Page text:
Student Ladder - fantastic website where you can search for opportunities by year of study and industry sector.

Wexo - Wexo lists internships and job opportunities for students and graduates with companies in the UK. You can create a profile and browse job listings for free, however to access all other content such as CV guidance, and to apply for roles there is a one off membership fee of £10.

 Sector Specific Opportunities

Charity

Charityworks - is a unique partnership initiative between 20 charitable organisations. The graduate development programme offers graduates the opportunity to work in charities for one year, and to develop the skills they need to work in the sector.

Engineering

Gradcracker -  Gradcracker only lists paid work placements for Engineering and Technology students. Browse hundreds of placements with over 48 companies, and refine your search by discipline or work sector.

Finance & Banking

 eFinancial Careers - Worldwide opportunities for graduates interested in Investment Banking and Financial Services. Search internships and graduate trainee roles, and filter results by location, sector or keywords.

 Media and Broadcasting

Broadcast Graduate - The website is aimed at recent graduates and students to help them discover internships, job opportunities and graduate schemes in the broadcast and media industries. Employers on the site include BBC, 4 Talent, Bloomberg etc.

Science

New Scientist -  Quite a comprehensive list of internship opportunities in science, charities, and abroad. The deadlines for many of the internships will have passed already but the list gives you an idea of the kinds of places that take on interns in science-related posts, and when they tend to advertise for them.

 Teaching

TDA School Experience Programme – You can apply for the SEP if you are considering teaching maths, physics, chemistry or a modern foreign language at secondary level and hold a 1st, 2:1 or 2:2 degree. The placements can last up to 10 days, but are flexible. You will observe lessons, talk to teachers about day-to-day school life and you might have the opportunity to plan and deliver part of a lesson.

 Law

Target Jobs -  section lists work experience and vacation schemes in the field of law. Filter results by upcoming deadlines, employer name or region.

Enjoy and have a fun weekend browsing internship opportunities! If you need help with any aspect of the application process please book a quick query with a careers adviser.

MyFuture opportunities round up!

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📥  Graduate Jobs, Internships, Work Experience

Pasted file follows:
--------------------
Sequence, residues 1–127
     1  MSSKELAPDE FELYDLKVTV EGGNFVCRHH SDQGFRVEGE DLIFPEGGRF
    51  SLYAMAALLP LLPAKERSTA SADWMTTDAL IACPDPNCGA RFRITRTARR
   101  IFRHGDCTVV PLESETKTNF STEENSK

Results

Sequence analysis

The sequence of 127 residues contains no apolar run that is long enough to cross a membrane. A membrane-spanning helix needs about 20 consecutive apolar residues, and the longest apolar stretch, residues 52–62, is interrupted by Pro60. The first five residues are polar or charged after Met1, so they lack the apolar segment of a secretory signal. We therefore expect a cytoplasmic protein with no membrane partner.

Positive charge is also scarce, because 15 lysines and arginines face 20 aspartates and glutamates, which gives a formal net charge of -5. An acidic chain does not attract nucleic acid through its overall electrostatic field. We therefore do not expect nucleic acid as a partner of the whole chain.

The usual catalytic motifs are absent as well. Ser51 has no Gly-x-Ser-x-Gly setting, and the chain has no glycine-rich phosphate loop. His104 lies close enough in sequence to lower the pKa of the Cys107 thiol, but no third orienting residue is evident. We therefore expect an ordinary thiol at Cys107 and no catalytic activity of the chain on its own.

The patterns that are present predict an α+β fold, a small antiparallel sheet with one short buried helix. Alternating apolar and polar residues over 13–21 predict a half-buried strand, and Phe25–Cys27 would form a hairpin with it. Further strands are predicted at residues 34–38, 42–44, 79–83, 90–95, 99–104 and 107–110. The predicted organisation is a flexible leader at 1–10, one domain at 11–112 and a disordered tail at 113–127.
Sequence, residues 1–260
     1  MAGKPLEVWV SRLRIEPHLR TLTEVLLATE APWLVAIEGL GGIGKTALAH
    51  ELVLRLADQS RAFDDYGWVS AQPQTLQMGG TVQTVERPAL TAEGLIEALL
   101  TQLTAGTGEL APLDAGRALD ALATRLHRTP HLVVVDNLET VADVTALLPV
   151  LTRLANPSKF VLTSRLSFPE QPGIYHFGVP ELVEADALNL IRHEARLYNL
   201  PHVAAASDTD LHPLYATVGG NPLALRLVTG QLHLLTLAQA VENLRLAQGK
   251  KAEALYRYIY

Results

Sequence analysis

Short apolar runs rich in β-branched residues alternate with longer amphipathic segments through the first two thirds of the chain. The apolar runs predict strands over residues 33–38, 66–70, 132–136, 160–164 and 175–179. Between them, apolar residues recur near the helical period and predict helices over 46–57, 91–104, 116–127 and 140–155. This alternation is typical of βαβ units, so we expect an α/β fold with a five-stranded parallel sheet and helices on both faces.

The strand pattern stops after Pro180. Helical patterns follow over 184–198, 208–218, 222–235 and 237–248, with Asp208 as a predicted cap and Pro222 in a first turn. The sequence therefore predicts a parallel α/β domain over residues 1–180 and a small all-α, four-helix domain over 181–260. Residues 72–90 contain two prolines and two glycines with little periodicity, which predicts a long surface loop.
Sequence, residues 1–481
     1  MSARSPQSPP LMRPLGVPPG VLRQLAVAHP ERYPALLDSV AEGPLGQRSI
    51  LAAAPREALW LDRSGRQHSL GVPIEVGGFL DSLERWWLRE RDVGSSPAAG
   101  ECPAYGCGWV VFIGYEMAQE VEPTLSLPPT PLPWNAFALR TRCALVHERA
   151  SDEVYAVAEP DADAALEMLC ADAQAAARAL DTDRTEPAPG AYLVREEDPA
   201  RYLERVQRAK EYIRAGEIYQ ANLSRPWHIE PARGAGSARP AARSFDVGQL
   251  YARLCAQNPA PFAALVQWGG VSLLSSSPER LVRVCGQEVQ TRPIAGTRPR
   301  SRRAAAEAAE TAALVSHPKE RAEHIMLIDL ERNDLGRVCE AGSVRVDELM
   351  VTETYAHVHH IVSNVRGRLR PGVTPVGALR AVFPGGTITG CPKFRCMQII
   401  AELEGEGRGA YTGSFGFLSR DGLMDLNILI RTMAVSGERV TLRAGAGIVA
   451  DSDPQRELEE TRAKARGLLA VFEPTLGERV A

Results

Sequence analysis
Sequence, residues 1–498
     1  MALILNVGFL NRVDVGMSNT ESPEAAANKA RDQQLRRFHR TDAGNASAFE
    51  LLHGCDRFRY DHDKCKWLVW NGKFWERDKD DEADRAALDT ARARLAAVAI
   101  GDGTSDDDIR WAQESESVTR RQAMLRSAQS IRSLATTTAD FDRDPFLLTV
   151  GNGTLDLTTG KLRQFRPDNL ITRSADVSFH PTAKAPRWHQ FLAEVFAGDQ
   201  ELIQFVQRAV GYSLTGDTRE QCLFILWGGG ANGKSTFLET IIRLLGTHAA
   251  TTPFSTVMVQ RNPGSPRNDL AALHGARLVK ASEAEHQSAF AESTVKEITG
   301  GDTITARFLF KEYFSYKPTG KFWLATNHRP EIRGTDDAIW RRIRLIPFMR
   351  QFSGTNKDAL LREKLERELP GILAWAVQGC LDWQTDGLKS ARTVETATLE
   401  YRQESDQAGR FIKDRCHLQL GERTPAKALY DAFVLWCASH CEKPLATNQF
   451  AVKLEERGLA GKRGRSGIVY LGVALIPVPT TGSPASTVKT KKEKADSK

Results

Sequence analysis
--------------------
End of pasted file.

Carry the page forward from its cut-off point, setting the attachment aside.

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There are currently over 1000 graduate jobs, internships and work experience opportunities on MyFuture - the Bath Careers Service's online jobs board. Here's a selection of opportunities:

MMC Sport - 3-9 month paid Editorial Internship based in Munich.
Google - Fulltime Software Engineer
Wynne Jones IP - Trainee Patent Attorney
NHS - Healthcare Scientist Training Programme
TK Maxx - Merchandising & Buying European Graduate Programme
Volterra Partners - Graduate Economic Consultant
Shell -  Graduate Programme in Engineering/Science for disabled students
Hang Seng Bank - Human Resources Placement

 

Internships - what are your rights?

  

📥  Advice, Internships, Work Experience

I have seen a surge in the number of first years talking to us about undertaking a summer internship. One of the questions that keeps cropping up is will I get paid? There seems to be an assumption that you have to accept unpaid work to get any meaningful experience.

It is important to be clear on terminology, according to Internaware:

An ‘intern’ is a junior member of staff, often employed on a short term contract. Being called an ‘intern’ is similar to being called a ‘trainee’. Interns are almost always expected to do real work, completing set jobs that otherwise a paid member of staff would do, and therefore has a right to be paid. Work experience or shadowing is different. Instead of doing, participants watch and observe. They do not need to be paid.

We understand students are under huge amounts of pressure to gain work experience and focus on building their CV's from Day 1 at University. However, we urge our students to think carefully before accepting an unpaid internship, here's why:

  1. Because the Law says so! The UK has laws on National Minimum Wage which means those who work should be paid a certain wage at a minimum. The exceptions to this are if you are doing volunteer work or a work placement as part of your course. I accept lines get blurred so think of it as this: if you were not there doing a certain job would the organisation have to pay for someone else to do it? If you've got set hours, tasks and responsibilities then you almost certainly count as a ‘worker’ and have a right to be paid.
  2. It's not fair: Unpaid internships require you to have another source of income in order to pay your living costs while you work (usually help from parents or a partner), so if you don’t have this same support you are put at a disadvantage to those who do. And if the only way to get a certain job is to do an unpaid internship that means a whole section of society becomes locked out of certain careers.